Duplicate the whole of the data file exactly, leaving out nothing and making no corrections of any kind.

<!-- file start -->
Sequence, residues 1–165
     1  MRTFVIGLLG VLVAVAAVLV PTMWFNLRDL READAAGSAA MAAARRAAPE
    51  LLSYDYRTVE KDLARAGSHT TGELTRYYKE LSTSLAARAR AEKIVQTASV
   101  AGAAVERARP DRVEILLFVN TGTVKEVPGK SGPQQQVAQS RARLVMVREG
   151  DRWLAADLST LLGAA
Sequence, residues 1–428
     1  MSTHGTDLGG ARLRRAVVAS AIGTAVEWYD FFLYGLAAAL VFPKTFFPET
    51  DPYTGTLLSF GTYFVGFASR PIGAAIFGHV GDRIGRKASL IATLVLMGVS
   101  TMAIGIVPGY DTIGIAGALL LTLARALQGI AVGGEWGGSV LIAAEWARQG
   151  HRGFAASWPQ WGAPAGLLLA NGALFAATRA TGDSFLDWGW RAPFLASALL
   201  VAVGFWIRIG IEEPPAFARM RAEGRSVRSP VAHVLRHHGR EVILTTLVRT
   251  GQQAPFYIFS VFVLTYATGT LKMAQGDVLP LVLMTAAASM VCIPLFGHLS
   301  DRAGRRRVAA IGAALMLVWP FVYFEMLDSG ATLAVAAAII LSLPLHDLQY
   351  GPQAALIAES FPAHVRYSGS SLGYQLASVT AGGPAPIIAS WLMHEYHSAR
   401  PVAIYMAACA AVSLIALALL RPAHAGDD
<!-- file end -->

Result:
Sequence, residues 1–165
     1  MRTFVIGLLG VLVAVAAVLV PTMWFNLRDL READAAGSAA MAAARRAAPE
    51  LLSYDYRTVE KDLARAGSHT TGELTRYYKE LSTSLAARAR AEKIVQTASV
   101  AGAAVERARP DRVEILLFVN TGTVKEVPGK SGPQQQVAQS RARLVMVREG
   151  DRWLAADLST LLGAA
Sequence, residues 1–428
     1  MSTHGTDLGG ARLRRAVVAS AIGTAVEWYD FFLYGLAAAL VFPKTFFPET
    51  DPYTGTLLSF GTYFVGFASR PIGAAIFGHV GDRIGRKASL IATLVLMGVS
   101  TMAIGIVPGY DTIGIAGALL LTLARALQGI AVGGEWGGSV LIAAEWARQG
   151  HRGFAASWPQ WGAPAGLLLA NGALFAATRA TGDSFLDWGW RAPFLASALL
   201  VAVGFWIRIG IEEPPAFARM RAEGRSVRSP VAHVLRHHGR EVILTTLVRT
   251  GQQAPFYIFS VFVLTYATGT LKMAQGDVLP LVLMTAAASM VCIPLFGHLS
   301  DRAGRRRVAA IGAALMLVWP FVYFEMLDSG ATLAVAAAII LSLPLHDLQY
   351  GPQAALIAES FPAHVRYSGS SLGYQLASVT AGGPAPIIAS WLMHEYHSAR
   401  PVAIYMAACA AVSLIALALL RPAHAGDD